Amount B aims to standardize the remuneration of related party distributors that perform baseline marketing and distribution activities in a manner that is aligned with the arm’s length principle. Its purpose is two-fold: First, Amount B is intended to simplify the administration of transfer pricing rules for tax administrations and reduce compliance costs for taxpayers. Second, Amount B is intended to enhance tax certainty and reduce controversy between tax administrations and taxpayers.

Pillar One assumes that distribution and marketing activities would be identified as in-scope based on a narrow scope of activities, set by reference to a defined “positive list” and “negative list” of activities that should and should not be performed to be considered in scope. Quantitative indicators would then be applied to further support and validate the identification of in-scope distributors. It is anticipated that amount B could be based on return on sales, with potentially differentiated fixed returns to account for the different geographic locations and/or industries of the in-scope distributors. Given the narrow scope of Amount B, there is currently no provision for Amount B to increase with the functional intensity of the activities of in-scope distributors. Amount B would not supersede advance pricing agreements or mutual agreement proceeding settlements agreed before the implementation of Amount B.

Under one proposal, the implementation of Amount B would operate under a rebuttable presumption, namely, that an entity that acts as a buy/sell distributor and performs the defined baseline marketing and distribution activities qualifying for the Amount B return would render it in scope, but that it will be possible to rebut the application of Amount B by providing evidence that another transfer pricing method would be the most appropriate to use under the arm’s length principle. While one group of OECD members prefers a narrow approach, another group prefers a broader approach that would also provide standardized remuneration for commissionaires or sales agents, or for distribution entities whose profile differs from the baseline marketing and distribution activities discussed below.

Continue Reading OECD’s Pillar One Blueprint: Amount B

In the U.S., transfer pricing benchmarking under the Comparable Profits Method (“CPM”) or Transactional Net Margin Method (“TNMM”) depends on the availability of public company financial data. In recent years, the decreasing number of U.S. listed and non-exchange traded companies has made this benchmarking more challenging, not only due to the smaller population from which the comparable can be selected: Many of the remaining listed and non-exchange traded companies are either large companies that own intangibles or small companies that often operate at a loss. This trend should prompt transfer pricing practitioners to consider new, creative approaches in selecting comparable companies for purposes of CPM/TNMM, and in appropriate cases, to re-consider transactional or other methods that do not rely on publicly available profitability data. Further, an APA might now be a prudent choice to obtain certainty, even if APAs had not been considered necessary or worthwhile from a cost-benefit perspective in the past to mitigate tax risk.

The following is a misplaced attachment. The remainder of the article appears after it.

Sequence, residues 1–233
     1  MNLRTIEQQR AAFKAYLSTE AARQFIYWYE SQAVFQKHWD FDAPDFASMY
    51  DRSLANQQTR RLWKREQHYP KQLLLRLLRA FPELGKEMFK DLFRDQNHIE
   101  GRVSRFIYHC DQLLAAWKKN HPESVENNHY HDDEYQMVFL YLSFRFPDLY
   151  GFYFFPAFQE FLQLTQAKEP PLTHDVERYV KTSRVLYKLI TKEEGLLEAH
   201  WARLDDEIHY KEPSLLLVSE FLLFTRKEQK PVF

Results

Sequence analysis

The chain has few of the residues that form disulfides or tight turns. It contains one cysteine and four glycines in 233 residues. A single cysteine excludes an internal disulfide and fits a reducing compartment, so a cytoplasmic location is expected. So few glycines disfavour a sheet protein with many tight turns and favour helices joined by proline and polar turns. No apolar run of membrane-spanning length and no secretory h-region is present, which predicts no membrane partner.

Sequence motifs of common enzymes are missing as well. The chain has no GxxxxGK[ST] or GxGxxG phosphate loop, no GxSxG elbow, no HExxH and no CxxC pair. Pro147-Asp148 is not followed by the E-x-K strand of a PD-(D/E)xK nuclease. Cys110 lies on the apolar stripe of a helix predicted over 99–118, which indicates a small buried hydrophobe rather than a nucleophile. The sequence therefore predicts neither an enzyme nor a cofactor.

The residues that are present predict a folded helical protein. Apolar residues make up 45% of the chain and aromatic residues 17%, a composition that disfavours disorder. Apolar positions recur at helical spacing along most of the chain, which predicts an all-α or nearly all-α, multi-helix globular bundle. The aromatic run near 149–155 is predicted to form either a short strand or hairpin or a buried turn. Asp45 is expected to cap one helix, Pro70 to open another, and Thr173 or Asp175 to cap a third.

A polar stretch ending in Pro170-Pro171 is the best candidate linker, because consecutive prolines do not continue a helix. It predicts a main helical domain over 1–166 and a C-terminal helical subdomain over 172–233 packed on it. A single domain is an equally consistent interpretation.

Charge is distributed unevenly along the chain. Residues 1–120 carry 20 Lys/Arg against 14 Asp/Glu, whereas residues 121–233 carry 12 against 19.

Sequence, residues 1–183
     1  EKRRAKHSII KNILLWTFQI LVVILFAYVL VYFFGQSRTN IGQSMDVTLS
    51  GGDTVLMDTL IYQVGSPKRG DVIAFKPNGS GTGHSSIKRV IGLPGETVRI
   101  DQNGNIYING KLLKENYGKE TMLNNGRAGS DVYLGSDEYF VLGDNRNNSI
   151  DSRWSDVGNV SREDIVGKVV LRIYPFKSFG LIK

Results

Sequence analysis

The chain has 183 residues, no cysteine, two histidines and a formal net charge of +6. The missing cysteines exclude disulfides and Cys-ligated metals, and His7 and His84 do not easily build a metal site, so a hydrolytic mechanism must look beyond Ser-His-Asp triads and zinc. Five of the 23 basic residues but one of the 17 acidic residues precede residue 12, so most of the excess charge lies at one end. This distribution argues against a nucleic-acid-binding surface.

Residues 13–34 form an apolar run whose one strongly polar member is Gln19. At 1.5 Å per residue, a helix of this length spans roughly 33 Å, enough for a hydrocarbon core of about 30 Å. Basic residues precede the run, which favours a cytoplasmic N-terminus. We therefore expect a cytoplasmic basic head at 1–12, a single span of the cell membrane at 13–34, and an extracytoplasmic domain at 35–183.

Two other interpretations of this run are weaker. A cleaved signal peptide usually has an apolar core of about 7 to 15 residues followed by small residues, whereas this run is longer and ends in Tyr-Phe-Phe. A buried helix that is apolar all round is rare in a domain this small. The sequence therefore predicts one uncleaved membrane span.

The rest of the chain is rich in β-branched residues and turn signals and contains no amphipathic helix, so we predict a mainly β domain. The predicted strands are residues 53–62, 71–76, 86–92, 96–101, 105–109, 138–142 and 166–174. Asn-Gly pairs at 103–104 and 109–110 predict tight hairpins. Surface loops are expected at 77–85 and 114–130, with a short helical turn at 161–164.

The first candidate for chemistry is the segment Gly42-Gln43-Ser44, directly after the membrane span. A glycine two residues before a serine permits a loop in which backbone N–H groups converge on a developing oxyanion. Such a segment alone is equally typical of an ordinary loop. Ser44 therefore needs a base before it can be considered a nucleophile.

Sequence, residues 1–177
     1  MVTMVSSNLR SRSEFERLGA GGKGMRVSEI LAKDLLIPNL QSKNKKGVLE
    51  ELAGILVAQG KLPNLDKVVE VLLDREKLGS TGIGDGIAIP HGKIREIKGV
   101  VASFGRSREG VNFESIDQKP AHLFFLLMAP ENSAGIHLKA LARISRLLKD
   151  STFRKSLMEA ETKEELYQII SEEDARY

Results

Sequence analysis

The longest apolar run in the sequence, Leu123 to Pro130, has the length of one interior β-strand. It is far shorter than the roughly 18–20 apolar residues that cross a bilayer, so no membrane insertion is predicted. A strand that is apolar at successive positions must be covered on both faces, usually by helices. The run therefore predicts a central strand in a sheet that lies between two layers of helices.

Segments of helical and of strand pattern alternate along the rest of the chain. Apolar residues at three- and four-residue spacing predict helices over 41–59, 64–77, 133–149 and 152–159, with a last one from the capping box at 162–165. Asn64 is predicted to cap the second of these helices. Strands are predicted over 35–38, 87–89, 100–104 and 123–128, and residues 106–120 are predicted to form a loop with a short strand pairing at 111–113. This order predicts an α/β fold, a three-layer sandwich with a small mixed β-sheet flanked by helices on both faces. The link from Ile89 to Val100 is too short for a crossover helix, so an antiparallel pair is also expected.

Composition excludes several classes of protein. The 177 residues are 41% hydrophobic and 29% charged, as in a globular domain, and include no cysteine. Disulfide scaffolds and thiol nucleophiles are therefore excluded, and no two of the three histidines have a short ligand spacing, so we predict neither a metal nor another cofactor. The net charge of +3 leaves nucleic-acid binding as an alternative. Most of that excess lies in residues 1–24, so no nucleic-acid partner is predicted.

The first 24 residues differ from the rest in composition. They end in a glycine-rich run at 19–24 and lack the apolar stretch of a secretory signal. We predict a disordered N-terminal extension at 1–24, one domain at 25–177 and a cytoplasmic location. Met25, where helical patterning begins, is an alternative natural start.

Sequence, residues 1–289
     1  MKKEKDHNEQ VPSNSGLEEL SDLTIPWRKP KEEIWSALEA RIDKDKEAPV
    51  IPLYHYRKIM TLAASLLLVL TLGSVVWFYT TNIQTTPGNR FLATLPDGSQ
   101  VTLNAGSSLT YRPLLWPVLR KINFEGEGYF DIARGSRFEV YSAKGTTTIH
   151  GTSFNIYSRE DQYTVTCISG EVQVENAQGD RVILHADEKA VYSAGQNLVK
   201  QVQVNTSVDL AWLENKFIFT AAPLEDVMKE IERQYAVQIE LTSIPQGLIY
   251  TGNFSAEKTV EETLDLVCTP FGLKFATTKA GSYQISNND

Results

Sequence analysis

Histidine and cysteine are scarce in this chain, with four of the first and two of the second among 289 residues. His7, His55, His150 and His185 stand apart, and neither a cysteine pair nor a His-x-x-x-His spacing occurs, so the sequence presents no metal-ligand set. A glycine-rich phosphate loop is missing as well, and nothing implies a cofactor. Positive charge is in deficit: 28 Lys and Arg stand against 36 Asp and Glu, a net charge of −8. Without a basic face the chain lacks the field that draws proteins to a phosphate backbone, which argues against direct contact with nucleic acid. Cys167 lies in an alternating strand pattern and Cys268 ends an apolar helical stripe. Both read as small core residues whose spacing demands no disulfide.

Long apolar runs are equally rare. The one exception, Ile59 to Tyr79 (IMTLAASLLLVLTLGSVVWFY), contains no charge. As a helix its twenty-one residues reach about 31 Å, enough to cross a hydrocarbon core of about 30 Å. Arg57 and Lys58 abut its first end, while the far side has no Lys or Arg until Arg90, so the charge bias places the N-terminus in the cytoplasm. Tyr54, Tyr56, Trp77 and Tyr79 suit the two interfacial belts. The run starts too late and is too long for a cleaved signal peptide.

Continue Reading The Vanishing U.S. Comparable

Benchmarking—the process of screening, selecting, and analyzing comparable companies—is time consuming. Analysts can spend innumerable hours every year preparing transfer pricing documentation, with a substantial portion of that time dedicated to benchmarking. Even with improvements in the quality of databases (which offer a vast array of quantitative and qualitative data), the sets of potential comparables that analysts must sift through are often enormous.

With the applications of artificial intelligence (or “AI”) expanding by the day, it is time to start thinking about whether AI could automate parts of the benchmarking process.

Continue Reading Artificial Intelligence for Benchmarking: The Wave of the Future

On March 23, 2021, the United States’ Advance Pricing and Mutual Agreement Program (“APMA Program”) released its 2020 annual report (“2020 Annual Report”) to the public concerning advance pricing agreements (“APAs”). COVID-19 has caused unprecedented disruptions  to taxpayers and tax administrations alike, but the 2020 Annual Report shows that the APMA Program remained highly productive in 2020. Last year taxpayers filed 121 APA requests—the same amount as in 2019. And in 2020, APMA executed 127 APAs—seven more than the prior year.

Continue Reading APMA to COVID-19: Don’t Stop Me Now

Overview.  As discussed in prior blog posts, Amount A is a proposed new taxing right over a share of residual profit of MNE groups that fall within its defined scope.  The calculation and allocation of Amount A will be determined through a formula that is not based on the Arm’s Length Principle (ALP).  The formula will apply to the tax base of a group (or segment where relevant) and will involve three components:  Step 1:  a profitability threshold to isolate the residual profit potentially subject to reallocation;  Step 2: a reallocation percentage to identify an appropriate share of residual profit that can be allocated to market jurisdictions under Amount A (the “allocable tax base”); and Step 3: an allocation key to distribute the allocable tax base amongst the eligible market jurisdictions (i.e. where nexus is established for Amount A).  This three-step formula to determining the Amount A quantum could be delivered through two approaches:  a profit-based approach or a profit margin-based approach.  A profit-based approach would start the calculation with the Amount A tax base determined as a profit amount (e.g. an absolute profit of EUR 10 million) whereas a profit-margin approach would start the calculation with the Amount A tax base determined as a profit margin (e.g. a PBT to revenue of 15%).  Both approaches would apply the three steps of the allocation formula similarly, and hence would deliver the same quantum of Amount A taxable in each market jurisdiction.